Can this Open top 1995? 

End Zone

Sixteen years ago, the world of women's golf converged on Colorado Springs hoping to celebrate its past and set the stage for its future.

Judy Bell, a prominent Springs businesswoman but also a pioneering matriarch inside the U.S. Golf Association, almost single-handedly brought the 50th U.S. Women's Open to The Broadmoor's historic East Course. Bell, who had been a nationally known amateur golfer herself, not only headed the tournament's host organizers but also was on the verge of becoming the USGA's first female president (1996-1997).

Bell brought in as many past Women's Open champions as humanly possible that summer, including such legends as Patty Berg, Betsy Rawls and Carol Mann, to reunite with each other and mingle with the fans.

That year, Bell and The Broadmoor took the Women's Open to a new level, breaking records for attendance and revenue while also — a huge priority for Bell — creating a major-championship stadium setting around the 18th green and The Broadmoor clubhouse, to rival any men's major on national TV.

As if all that weren't enough, the 1995 Open created a new superstar. At 24, Annika Sorenstam charged to her first professional victory (she would repeat as Open champion in 1996), igniting her career as a dominant international force.

Now it's 2011, and the Women's Open has returned. The event has flourished over the past 16 years, but the larger realm of women's golf has not fared so well amid the difficult economic times. Just look at the Ladies Professional Golf Association (LPGA) Tour, which had 33 official events in 1995 and 34 as recently as 2008. This year, that number has dropped to 24, and total prize money has fallen 30 percent (from about $60 million to about $42 million). The schedule includes only 13 tournaments (10 non-major events) inside the United States, after title sponsors pulled away during the downturn.

There is hope that the LPGA has bottomed out, with prospects for more sponsors and tournaments in years ahead. But it's clear that women's golf needs another booster shot, as in 1995.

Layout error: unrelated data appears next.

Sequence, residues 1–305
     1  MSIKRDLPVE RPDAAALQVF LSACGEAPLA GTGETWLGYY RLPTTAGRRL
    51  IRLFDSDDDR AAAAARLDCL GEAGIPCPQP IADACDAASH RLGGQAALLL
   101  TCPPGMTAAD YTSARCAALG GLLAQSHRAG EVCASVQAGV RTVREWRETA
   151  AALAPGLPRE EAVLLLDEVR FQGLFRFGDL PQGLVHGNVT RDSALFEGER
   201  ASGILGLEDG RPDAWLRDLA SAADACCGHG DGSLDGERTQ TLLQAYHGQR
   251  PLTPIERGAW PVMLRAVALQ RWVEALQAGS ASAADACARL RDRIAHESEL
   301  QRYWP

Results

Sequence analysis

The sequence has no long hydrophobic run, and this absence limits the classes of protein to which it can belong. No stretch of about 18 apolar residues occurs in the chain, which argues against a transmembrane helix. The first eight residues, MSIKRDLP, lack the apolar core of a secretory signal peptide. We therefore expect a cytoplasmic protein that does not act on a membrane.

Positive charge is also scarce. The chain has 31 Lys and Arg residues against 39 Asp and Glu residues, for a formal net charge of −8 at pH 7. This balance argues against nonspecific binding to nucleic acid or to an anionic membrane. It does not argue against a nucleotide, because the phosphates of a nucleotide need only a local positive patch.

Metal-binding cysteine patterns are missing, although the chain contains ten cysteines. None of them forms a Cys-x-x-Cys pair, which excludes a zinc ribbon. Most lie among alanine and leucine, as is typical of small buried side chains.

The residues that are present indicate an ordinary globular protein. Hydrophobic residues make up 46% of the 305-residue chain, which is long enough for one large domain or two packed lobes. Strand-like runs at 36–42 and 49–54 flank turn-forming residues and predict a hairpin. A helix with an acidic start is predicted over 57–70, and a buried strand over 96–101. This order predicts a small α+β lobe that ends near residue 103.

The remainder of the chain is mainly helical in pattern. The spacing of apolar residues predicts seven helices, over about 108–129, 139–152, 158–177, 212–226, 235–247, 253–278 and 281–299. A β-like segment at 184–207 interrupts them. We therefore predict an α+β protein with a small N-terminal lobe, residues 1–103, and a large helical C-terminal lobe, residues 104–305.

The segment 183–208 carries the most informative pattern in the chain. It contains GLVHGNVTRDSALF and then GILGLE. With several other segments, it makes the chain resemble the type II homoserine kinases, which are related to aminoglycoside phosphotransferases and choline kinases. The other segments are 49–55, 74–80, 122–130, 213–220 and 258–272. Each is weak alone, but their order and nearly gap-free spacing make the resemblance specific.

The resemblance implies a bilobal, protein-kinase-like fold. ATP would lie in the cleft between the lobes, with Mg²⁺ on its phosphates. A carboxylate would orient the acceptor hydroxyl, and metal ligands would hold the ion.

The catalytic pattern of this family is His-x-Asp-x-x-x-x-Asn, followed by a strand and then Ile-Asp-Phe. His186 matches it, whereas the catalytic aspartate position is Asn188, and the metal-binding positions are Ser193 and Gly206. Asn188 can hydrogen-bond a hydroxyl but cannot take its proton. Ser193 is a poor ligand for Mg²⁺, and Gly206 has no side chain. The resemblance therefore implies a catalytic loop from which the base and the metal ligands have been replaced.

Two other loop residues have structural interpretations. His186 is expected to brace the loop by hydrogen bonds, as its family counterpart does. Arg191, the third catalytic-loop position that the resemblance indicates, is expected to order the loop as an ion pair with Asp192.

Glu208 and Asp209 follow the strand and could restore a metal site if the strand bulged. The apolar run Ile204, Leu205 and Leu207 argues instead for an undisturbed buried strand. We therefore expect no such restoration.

Nothing would help that recovery more than a few legitimate stars earning the prominence that Sorenstam achieved. Not just great players, but magnetic champions who can draw crowds wherever they go. This weekend could produce such a star, so let's look at some players who could — like Sorenstam in 1995 — turn this Women's Open into their own jumping-off point.

Yani Tseng: The 22-year-old from Taiwan quietly has won the other three women's majors, four in all, and could become truly dominant. But it would help her crowd appeal to have more charisma behind her accomplishments. She's definitely the favorite here after easily winning the LPGA Championship two weeks ago.

Morgan Pressel: At 19, she won the 2007 Kraft Nabisco, becoming the youngest major-winner ever. Now 23, she's established herself among the world's best. But Pressel needs a breakthrough moment to make her the LPGA's top drawing card.

Stacy Lewis: At 26, Lewis won her first major in April at the Kraft Nabisco. She definitely has a "life story," having dealt with scoliosis (curvature of the spine) that forced her to wear a brace except when playing golf for seven-plus years (11 to 18). With another win this week, Lewis could build a national following.

Vicky Hurst: If you want a longshot, this 21-year-old from Florida could be just that. She dominated the Futures Tour at 18 and is one of the LPGA's longest hitters. Already well-known in Florida from her high school rivalry with Pressel, Hurst and her Korean mother (her father, a retired Air Force colonel, died suddenly in 2006) would make a great TV angle. She just needs that one huge victory.

Paula Creamer: The defending Women's Open champion, at 24, could rise to the level Sorenstam did by making it back-to-back championships.

Michelle Wie: For all the expectations that engulfed her as a teen, Wie still never has won a pro tournament on American soil. She's 21 now, so time is still on her side, and she's the LPGA's most recognizable player. If she could pull off a Women's Open title, her stature would skyrocket.



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